Friday, July 30, 2010

Tribune Report Sealed; Bankruptcy Plan Called Dead

By Tom Hals

* Confidentiality claims delay releasing examiner's report
* Creditors want full disclosure before voting on plan
* Junior creditors call reorganization plan 'dead'

WILMINGTON, Del., July 29 (Reuters) - An examiner's report that found dishonesty in Tribune Co's (TRBCQ.PK) leveraged buyout will remain under wraps until at least next week, a bankruptcy judge ruled on Thursday, as creditors declared the company's reorganization dead.
Judge Kevin Carey of the U.S. Bankruptcy Court in Delaware also said he would consider extending the Aug. 6 deadline to vote on the company's reorganization. Such a ruling would come at a hearing he scheduled for Tuesday.

The examiner, UCLA Law School professor Kenneth Klee, released a 20-page summary on Monday and said the court needed to resolve claims of confidentiality before unsealing the full 1,100-page report.

The report concluded Tribune did not act forthrightly in getting an independent opinion about the company's solvency. The report also found a court was somewhat likely to find part of the $8.2 billion leveraged buyout that put developer Sam Zell in control of the Chicago Tribune and Los Angeles Times owner constituted intentional fraudulent transfers. [ID:N27259133]

Klee did not mention any names.

Creditors are being asked to approve a proposed reorganization that would give control to senior lenders. A sliver of the company would go to senior bondholders in return for their dropping legal claims stemming from the company's bankruptcy.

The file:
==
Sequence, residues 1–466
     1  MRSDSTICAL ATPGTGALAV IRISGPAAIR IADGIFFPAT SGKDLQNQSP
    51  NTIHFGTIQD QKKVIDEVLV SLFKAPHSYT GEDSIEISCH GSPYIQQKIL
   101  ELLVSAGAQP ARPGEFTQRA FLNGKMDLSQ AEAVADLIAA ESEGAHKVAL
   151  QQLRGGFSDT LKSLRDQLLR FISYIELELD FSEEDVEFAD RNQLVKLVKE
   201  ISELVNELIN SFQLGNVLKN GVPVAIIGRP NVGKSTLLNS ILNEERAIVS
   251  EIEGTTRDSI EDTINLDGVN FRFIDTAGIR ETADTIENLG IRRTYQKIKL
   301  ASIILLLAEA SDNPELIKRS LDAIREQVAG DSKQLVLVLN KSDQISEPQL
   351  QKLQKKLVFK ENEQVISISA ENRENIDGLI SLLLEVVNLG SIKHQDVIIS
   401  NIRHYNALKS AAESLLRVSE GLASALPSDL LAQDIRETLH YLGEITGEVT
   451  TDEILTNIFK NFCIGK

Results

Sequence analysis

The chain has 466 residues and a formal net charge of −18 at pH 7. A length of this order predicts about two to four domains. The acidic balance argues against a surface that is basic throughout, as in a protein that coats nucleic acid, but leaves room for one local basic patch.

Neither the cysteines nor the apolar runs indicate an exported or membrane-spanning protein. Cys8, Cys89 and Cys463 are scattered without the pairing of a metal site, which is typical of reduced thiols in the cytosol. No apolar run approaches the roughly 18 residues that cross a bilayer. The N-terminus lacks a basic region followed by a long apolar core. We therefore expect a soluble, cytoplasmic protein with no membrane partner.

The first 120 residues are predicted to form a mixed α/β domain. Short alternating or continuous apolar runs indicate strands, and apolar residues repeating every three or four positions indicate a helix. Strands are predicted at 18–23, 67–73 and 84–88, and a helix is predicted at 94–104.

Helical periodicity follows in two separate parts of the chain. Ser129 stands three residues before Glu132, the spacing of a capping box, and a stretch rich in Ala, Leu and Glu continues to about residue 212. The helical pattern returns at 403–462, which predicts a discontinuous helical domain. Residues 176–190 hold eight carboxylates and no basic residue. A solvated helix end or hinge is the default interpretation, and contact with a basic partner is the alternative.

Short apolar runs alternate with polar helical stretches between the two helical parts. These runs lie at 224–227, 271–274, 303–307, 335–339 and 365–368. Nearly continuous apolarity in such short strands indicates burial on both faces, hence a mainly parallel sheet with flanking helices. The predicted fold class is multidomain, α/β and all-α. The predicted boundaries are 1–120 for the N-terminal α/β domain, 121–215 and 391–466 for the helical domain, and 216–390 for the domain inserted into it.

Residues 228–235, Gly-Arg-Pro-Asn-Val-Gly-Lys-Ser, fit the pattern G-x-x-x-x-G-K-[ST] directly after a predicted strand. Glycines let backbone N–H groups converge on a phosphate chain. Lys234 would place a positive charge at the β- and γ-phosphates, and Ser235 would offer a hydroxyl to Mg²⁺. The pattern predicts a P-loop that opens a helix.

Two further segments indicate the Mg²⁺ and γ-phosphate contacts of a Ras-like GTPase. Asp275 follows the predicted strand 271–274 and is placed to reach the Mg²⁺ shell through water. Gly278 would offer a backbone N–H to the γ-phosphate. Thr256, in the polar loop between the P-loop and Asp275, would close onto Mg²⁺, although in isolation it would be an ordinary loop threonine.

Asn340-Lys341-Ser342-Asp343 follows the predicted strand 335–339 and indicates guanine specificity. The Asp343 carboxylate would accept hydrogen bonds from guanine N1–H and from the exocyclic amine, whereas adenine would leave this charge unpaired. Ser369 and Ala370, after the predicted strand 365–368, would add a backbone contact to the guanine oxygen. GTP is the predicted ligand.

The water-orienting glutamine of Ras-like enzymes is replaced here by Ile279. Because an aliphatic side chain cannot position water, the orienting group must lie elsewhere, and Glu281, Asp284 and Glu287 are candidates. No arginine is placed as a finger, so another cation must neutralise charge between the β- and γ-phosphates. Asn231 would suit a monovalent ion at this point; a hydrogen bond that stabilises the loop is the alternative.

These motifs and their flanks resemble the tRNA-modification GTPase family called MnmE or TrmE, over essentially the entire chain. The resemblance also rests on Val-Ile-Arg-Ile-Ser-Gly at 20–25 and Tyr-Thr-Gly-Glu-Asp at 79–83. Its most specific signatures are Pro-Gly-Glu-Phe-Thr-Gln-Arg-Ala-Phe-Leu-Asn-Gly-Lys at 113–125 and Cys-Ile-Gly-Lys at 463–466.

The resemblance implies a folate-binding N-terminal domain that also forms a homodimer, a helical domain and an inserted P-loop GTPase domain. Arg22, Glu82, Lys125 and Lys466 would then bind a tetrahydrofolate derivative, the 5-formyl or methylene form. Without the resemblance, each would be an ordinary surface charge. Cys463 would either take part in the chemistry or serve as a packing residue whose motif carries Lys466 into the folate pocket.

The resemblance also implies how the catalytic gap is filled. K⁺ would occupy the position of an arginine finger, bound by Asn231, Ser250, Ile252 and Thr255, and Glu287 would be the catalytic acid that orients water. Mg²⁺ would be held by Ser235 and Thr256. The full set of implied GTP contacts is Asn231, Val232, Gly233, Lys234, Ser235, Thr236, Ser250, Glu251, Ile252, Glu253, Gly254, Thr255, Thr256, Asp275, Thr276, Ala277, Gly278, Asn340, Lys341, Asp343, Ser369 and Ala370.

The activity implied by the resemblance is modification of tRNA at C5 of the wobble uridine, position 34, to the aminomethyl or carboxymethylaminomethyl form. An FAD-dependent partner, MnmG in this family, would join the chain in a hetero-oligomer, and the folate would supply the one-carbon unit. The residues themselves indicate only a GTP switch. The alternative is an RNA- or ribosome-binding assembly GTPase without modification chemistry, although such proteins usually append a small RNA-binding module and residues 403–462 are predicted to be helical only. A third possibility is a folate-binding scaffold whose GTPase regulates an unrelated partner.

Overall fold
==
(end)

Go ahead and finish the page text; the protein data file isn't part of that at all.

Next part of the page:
The report's summary was enough for a lawyer for junior bondholders, who will get nothing under the proposed reorganization, to call for full disclosure. Otherwise, there is a risk of a "litigation morass" in which junior creditors are tempted to battle to remove senior claims higher up the ladder.

"The ladder has been upended," said Robert Stark of Brown Rudnick, which represents junior bondholders. "The settlement is dead."

Lenders with senior claims also argued at Thursday's hearing for full disclosure of the report and for an extension of the deadline to vote on the Tribune reorganization.

"We can read the conclusions, but we don't know how Mr. Klee got there," said James Johnston of Hennigan, Bennett and Dorman LLP, which represents a group of investors who hold Tribune loans.

"It's like reading Playboy Magazine with big black bars over all the pictures," said Johnston.
A lawyer for Klee told the hearing that the examiner did not view any section of the report as confidential, although some exhibits might be.

The case is In re: Tribune Co et al, U.S. Bankruptcy Court, District of Delaware, No. 08-13141. (Reporting by Tom Hals; Editing by Lisa Von Ahn)

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